Since I started training for The Speed Project I’ve noticed that I’ve gradually become a faster runner. It was a bit of a surprise, because for the last year or so I’d been gradually becoming a slower runner. In part this was because I’d been focused on really nailing my form, but a lot of the problem in my head. I knew I was capable of running faster, but for some reason there was something stopping me. That something was fear.
I can’t remember when it dawned on me that I was afraid, but when I did it was a light bulb moment. You see fear is the biggest thing that holds us back when it comes to running faster. Yes, fitness plays a role, but however fit you are your’e not going to reach your potential if you’re afraid. You have to push yourself if you want to run fast. You have to step outside your comfort zone and push yourself. It hurts. It is hard. It requires work. Lots of work. If you are scared you are in no place to handle those mental and physical challenges, so speed just isn’t going to happen. And that’s the hole I got stuck in.
Getting out of the hole
Realising that being afraid was holding me back was the motivation I needed to change my mindset around training. This was not quick or easy, but there were a few strategies that I found worked really well for me.
I don’t know about you, but I can be extremely hard on myself. I like to talk myself down and doubt my abilities a lot, especially when it comes to doing really hard things like pushing myself as a runner. All this negative chat was really holding me back as each time fear crept into my mind I’d big it up and turn it into a massive deal in a spiral that only amplified my fear.
Once you’re in this spiral it can be tough to find your way out (negativity is pervasive like that), but it is possible. The trick is to change how you talk to yourself. It’s funny, we’re much harder on ourselves than we’d ever be on anyone else and this translates in how we talk to ourselves. I know I tell myself some pretty awful things and that this nearly always has a negative effect, but if you can create a negative effect you also have the power to create a positive one. One of the earliest things I did to tackle my fear was to change how I talk to myself. Simply reminding myself not to be afraid was all it took - each time an unhelpful thought crept in in relation to running I just told myself ‘i can’ and ‘I am not afraid’.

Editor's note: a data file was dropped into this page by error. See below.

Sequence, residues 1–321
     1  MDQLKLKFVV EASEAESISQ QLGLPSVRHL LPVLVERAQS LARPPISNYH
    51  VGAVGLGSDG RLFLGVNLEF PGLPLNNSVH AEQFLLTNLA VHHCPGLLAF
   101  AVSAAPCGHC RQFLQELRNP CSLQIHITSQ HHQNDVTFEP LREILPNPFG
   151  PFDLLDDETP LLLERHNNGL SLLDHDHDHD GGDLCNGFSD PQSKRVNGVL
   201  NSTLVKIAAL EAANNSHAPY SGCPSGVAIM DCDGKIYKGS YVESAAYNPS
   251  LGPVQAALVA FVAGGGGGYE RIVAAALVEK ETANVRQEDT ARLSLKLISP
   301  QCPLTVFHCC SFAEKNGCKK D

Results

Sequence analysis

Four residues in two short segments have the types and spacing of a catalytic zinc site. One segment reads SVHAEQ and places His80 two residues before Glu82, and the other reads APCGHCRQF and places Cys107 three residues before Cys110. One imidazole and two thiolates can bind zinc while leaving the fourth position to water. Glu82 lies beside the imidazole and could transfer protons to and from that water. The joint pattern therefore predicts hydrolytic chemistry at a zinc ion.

I make it sound easy. It’s not. It’s hard to fight your instinct to undermine yourself, it’s hard to really believe what you’re telling yourself. It takes practice and you need to be stubborn, but it will work.
The Big Picture
Being part of a team is a beautiful thing. Before The Speed Project I’d never really been in a team, but now I get it. Having teammates holds you accountable. When things feel hard I think of my girls. These days my biggest fear is letting them down, and that drives me to push harder.
When you’re training it’s easy to get into the grind of each workout and forget why the hell you’re heading out to run up hills in the rain in the first place. When things get tough try to remember your ‘why’. Why are you doing this? It’s actually a good test, if ask yourself this question and you can’t answer it then maybe you’re not training for the right event? There’s no shame in revising your goals if it turns out you’re really not into something.
Get it Over With
I swear every workout is hardest before I do it. The build up to getting your ass outside and getting those sprints done is agony. But you know what, once I’m out there I generally feel pretty good, and afterwards I feel bloody awesome! Yes, not every training session is going to be the best. I definitely have sessions that hurt, that leave me exhausted or that are just plain boring, but I’m still happy when they’re done. The trick is not to dwell too much on what needs to be done and to focus on getting it done. Having coaches is really handy for this one, they tell me what to do and I have no choice but to do it!
I’m sure you were expecting me to tell you to do more sprints or run up more hills. These sessions all play a part in running faster, and I love my vomit inducing speed sessions, but it’s never really going to be your legs holding you back, your mind needs to get with the programme and give you the freedom to really achieve your potential.
What are your tricks for running faster (or doing anything that’s hard)? Let me know in the comments.
*images: Alex Dixon Photography